Under Sennacherib's rule, Yatnana figures (as in Isaiah) as the refuge of a disloyal Sidonian in 702; but in 668 ten kings of Cypriote cities joined Assur-bani-pal's expedition to Egypt; most of them bear recognizable Greek names, e.g.
Evidence of continuity comes from the peculiar Cypriote script, a syllabary related to the linear scripts of Crete and the south Aegean, and traceable in Cyprus to the Mycenaean age.'
For the failure of Assyria in Egypt in 668-664, and the revival of Egypt as a phil-Hellene state under the XXVIth Dynasty, admitted strong GraecoEgyptian influences in industry and art, and led about 560 B.C. to the political conquest of Cyprus by Amasis (Ahmosi) II.; once again Cypriote timber maintained a foreign sea-power in the Levant.
(Paris, 1885), interpret these and most other Cypriote materials without reserve as " Phoenician."
The occasion of the siege of Idalium by Persians (which is commemorated in an important Cypriote inscription) is unknown."' Throughout this period, however, Athens and other Greek states maintained a brisk trade in copper, sending vases and other manufactures in return, and bringing Cyprus at last into full contact with Hellenism.
Usually it was governed by a viceroy of the royal line, but it gained a brief independence under Ptolemy Lathyrus (107-89 B.C.), and under a brother of Ptolemy Auletes in 58 B.C. The great sanctuaries of Paphos and Idalium, and the public buildings of Salamis, which were wholly remodelled in this period, have produced but few works of art; the sculpture from local shrines at Voni and Vitsada, and the frescoed tombstones from Amathus, only show how incapable the Cypriotes still were of utilizing Hellenistic models; a rare and beautiful class of terra-cottas like those of Myrina may be of Cypriote fabric, but their style is wholly of the Aegean.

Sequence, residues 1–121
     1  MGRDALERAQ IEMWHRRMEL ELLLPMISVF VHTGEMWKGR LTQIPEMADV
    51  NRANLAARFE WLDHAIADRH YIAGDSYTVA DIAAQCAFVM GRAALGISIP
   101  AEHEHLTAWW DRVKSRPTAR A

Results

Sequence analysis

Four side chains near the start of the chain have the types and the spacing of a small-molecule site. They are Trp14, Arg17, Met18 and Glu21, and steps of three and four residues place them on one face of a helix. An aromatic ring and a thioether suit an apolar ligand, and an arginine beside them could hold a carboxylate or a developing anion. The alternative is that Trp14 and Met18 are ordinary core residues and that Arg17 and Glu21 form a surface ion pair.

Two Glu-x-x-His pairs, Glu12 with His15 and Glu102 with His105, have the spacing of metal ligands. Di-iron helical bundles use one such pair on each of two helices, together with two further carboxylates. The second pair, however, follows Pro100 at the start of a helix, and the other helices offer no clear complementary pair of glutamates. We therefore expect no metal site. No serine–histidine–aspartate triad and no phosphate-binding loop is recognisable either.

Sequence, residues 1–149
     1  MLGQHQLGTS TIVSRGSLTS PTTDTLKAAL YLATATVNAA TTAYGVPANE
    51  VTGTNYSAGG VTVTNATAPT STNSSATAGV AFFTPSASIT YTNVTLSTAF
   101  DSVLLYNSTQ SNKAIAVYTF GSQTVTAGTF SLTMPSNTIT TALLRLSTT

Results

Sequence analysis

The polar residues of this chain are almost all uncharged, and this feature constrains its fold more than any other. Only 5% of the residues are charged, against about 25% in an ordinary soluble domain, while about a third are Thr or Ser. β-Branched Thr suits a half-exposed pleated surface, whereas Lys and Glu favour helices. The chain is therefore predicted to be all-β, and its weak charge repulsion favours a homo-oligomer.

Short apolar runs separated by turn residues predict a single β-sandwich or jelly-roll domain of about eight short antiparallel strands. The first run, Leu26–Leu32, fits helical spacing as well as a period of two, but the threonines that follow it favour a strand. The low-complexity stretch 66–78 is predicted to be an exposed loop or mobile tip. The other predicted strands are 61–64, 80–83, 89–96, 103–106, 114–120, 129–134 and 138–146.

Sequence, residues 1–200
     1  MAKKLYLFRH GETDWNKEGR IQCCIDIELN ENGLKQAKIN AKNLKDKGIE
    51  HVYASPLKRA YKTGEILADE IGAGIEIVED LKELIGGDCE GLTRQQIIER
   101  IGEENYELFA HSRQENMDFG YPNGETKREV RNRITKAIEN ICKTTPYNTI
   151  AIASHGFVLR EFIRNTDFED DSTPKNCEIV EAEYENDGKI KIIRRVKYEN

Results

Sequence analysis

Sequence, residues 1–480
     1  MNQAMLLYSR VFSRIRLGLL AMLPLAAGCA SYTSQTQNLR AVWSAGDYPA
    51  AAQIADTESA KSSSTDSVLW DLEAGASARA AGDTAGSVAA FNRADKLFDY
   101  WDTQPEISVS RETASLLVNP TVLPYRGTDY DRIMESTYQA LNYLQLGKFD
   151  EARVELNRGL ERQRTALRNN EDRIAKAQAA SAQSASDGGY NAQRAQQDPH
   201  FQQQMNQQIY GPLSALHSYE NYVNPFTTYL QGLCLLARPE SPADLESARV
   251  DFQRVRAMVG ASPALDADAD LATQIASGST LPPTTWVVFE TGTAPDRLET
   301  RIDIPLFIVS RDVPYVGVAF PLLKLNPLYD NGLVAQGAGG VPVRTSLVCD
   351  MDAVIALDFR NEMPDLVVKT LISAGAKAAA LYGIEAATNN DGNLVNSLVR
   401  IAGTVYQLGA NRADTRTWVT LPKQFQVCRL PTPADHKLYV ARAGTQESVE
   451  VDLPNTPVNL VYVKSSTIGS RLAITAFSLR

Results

5 The persecution of Christians on the mainland after the death of Stephen drove converts as far as Cyprus; and soon after converted Cypriote Jews, such as Mnason (an " original convert ") and Joses the Levite (better known as Barnabas), were preaching in Antioch.
A few chance finds of vases, inscriptions and coins; of a hoard of silver bowls at Dali (anc. Idalium) 7 in 1851; and of a bronze tablet with Phoenician and Cypriote bilingual inscriptions, 8 also at Dali, and about the same time, had raised questions of great interest as to the art and the language of the ancient inhabitants.
Sandwith, British consul 1865-1869, had laid the foundations of a sound knowledge of Cypriote pottery; 9 his successor R.
12 in the Metropolitan Museum of New York, remains the largest series of Cypriote antiquities in the world, the accounts which have been given of its origin are so inadequate, and have provoked so much controversy, 13 that its scientific value is small, and a large part of subsequent excavation has necessarily been directed to solving the problems suggested by its practically isolated specimens.
15 Myres and Ohnefalsch-Richter, A Catalogue of the Cyprus Museum, with a Chronicle of Excavations since the British Occupation, and Introductory Notes on Cypriote Archaeology (Oxford, 1899).
For Cypriote coins see also Numismatics.
Inscriptions in the Cypriote character have been collected by M.
For Cypriote pottery in Athens and Constantinople, see G.